Welcome Fall! All About the Coffee



Welcome Fall! All About the Coffee

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Welcome Fall! All About the Coffee

Published at September 27 2020 by JFord

Bleary eyed, you fumble for the button on your phone that cuts off your alarm. You emerge from your warm cocoon of blankets and stumble into the kitchen to make your daily brew. For over 63% of Americans, this is how their mornings begin. With a cup of delicious, energy giving coffee.

I’m no different. I absolutely cannot start my day without at least one cup of coffee. There are those days where the number is closer to three before the day actually begins. In that, I’m not alone either. The usual consumption for American coffee drinkers is between 3 and 4 cups per day. I might be a little over that.


How do you take yours?

My grandfather takes his coffee black. Just plain drip coffee, black with no cream, no sugar, just coffee, thanks. For years, I thought that was what coffee was. Just a plain cup of black brew with no embellishments or frills. Can you imagine my look the first time I went into a coffee shop?

Now there are at least a dozen different ways of drinking coffee and each one of them has their own special way of being made. So, what if you don’t want that plain cup of coffee, but you don’t want something that needs a degree in Chemistry to make?

You’re just like me. I love coffee. I love the taste of coffee. I don’t like my coffee black. I like cream and sugar and all of the lovely things that you can include in a cup of coffee and it still be called that. So, let’s look at some ways to make that boring old cup of joe a little more exciting.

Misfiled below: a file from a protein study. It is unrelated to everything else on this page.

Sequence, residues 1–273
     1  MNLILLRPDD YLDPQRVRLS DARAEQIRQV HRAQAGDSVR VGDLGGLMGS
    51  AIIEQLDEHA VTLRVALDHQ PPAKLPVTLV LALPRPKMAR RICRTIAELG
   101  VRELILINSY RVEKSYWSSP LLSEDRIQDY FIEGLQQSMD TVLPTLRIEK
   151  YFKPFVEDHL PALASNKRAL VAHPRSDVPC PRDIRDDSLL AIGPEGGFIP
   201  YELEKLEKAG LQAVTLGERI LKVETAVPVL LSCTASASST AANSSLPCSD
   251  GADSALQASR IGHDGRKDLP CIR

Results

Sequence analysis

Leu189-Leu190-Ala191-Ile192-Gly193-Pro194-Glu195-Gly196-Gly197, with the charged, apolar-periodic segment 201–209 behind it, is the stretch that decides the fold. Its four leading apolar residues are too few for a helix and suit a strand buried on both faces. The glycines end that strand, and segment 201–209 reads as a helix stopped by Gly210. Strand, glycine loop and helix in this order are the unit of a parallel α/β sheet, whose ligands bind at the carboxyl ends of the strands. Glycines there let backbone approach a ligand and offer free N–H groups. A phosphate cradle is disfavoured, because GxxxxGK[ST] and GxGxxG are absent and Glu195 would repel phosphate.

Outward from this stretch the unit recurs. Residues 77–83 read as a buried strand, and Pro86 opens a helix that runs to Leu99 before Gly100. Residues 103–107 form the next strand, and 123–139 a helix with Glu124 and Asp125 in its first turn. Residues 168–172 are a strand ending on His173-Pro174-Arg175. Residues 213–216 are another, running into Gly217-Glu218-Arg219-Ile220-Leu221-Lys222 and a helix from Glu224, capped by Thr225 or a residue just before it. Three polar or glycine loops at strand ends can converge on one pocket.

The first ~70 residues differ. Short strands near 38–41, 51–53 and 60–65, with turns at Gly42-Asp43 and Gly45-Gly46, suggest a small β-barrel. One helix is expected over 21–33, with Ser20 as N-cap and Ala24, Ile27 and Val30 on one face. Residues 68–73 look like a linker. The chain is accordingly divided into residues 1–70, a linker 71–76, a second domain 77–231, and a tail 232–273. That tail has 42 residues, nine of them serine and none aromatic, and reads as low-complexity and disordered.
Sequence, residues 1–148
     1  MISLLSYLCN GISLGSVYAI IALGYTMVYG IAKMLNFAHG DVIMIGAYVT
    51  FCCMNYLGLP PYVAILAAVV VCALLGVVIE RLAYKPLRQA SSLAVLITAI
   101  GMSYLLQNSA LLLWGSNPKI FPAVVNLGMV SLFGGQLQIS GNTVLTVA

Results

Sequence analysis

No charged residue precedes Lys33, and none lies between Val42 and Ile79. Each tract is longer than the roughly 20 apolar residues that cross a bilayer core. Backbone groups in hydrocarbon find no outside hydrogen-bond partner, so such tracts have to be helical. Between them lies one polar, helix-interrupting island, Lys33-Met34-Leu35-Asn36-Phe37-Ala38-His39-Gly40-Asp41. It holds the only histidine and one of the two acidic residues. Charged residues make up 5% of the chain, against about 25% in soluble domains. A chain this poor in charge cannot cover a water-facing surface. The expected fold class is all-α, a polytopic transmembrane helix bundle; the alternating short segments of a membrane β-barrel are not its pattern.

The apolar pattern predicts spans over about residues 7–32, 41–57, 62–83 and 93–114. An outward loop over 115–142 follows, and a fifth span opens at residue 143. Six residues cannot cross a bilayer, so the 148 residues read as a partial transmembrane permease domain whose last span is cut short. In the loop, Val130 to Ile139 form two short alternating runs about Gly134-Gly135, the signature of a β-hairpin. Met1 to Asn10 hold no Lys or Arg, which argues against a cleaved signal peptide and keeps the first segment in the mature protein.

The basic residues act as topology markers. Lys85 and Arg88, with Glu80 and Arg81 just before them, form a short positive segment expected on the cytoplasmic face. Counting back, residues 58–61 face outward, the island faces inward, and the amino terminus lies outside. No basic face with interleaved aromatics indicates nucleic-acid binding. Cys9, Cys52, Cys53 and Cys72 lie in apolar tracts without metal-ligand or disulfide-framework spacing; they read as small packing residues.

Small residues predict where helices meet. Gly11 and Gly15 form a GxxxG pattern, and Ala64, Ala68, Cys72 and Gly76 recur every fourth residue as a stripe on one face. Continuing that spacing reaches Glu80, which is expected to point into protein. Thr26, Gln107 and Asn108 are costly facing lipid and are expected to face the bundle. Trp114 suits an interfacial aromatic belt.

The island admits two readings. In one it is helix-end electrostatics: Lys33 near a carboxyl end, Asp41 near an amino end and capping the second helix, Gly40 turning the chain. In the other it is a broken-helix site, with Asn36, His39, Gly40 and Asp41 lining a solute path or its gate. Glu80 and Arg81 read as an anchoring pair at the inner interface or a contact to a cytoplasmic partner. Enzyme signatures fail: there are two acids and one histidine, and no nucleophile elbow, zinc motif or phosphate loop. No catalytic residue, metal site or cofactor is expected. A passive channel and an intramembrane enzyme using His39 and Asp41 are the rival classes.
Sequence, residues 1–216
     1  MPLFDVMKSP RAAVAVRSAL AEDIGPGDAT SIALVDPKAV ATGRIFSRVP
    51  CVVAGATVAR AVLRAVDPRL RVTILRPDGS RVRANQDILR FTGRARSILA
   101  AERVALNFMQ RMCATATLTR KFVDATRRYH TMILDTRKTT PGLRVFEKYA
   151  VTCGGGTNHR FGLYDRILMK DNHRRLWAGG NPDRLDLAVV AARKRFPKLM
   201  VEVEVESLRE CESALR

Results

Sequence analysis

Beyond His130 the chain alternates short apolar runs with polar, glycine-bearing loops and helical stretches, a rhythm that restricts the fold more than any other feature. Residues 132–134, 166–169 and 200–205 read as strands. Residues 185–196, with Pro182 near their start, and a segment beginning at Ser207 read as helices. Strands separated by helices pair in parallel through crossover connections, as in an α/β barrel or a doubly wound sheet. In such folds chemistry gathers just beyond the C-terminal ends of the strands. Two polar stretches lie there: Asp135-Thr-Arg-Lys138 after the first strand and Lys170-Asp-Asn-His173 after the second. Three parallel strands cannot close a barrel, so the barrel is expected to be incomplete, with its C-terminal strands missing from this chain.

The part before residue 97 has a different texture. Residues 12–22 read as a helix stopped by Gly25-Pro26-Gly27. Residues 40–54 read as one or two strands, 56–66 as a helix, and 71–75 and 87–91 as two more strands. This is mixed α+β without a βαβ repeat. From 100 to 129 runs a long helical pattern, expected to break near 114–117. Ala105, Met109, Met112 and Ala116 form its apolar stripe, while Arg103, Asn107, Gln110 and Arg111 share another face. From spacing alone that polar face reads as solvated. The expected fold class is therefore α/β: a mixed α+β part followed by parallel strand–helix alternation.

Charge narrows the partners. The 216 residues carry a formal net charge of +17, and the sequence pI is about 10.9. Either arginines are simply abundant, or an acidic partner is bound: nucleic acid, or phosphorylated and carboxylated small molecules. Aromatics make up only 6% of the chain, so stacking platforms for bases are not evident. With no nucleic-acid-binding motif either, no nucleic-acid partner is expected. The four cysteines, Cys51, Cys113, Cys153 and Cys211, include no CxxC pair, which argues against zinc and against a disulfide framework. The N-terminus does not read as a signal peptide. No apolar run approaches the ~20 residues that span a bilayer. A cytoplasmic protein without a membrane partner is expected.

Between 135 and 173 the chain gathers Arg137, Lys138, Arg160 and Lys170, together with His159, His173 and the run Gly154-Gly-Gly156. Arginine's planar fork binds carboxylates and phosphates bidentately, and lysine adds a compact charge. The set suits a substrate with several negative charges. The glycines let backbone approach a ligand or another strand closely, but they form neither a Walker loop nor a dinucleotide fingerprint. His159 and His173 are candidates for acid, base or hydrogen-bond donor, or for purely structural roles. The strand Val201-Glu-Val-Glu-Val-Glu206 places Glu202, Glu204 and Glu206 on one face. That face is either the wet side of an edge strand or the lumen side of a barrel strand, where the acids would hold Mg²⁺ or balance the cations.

Types of Beans

The easiest way to change up the taste of your cup is to change the beans that you use to brew them. I’ll admit it, I’m the first one to use the super cheap stuff to make my pot of coffee. I just go through so much of it and I have so many other things that I need to spend the money on. (Did you outgrow your shoes again?!)

But switching to a better bean may be all that you need to do to find your perfect cup. So, let’s look at the different types of beans.


arabica beansArabica

Arabica beans make up about 60% of the total world coffee consumption. These are considered to be better quality and have a tendency to be more expensive. They have more acidity than some of the other types of beans. These are the beans that are most often used in coffee shops.


robusta beansRobusta

These beans are the second most used coffee bean in the world. They contain about twice as much caffeine as the arabica bean, but they have a harsher flavor and tend to be more bitter because of what the roasting process does to them. They are great for making espresso shots because of their deep flavor. If you are making something with lots of cream or sugar, this may be the blend you want to use just because the flavor of the bean is going to hold up to the other flavors better.


Liberica

These beans are only grown in the Philippines. More than likely you have not tasted this type of coffee because the US stopped trade with the Philippines when they declared independence. These beans are supposed to have a floral, fruity aroma and produce a coffee that has a full body and a woody smoky flavor.


Excelsa

This type of bean is used the least in worldwide coffee consumption. They are actually an offshoot of the Liberica bean and are only used in about 7% of the world. Unlike their cousins, this bean actually produces a tart and fruity cup of coffee.


Types of Roasts

Since you can only get one or two types of beans in most of the supermarkets in the U. S., it becomes important to consider the roast that the bean has been put through.


light roastLight Roast

Light Roasts are roasted for the least amount of time. They tend to have a much more acidic flavor because a longer roasting time will actually pull the acidity out of them. Some of the blends will actually have a lemon or citrus flavor to them that you may find pleasant. Longer roasting time also pulls out the caffeine. This means that a light roast is going to be really acidic, but super caffeinated.


medium roast coffeeMedium Roasts

This roast has a little more body and less acidity than the light roast. This makes up the majority of the coffee that Americans drink. It has a much more balanced flavor that appeals to most people. So, if you are serving coffee to a crowd, go with a medium roast.


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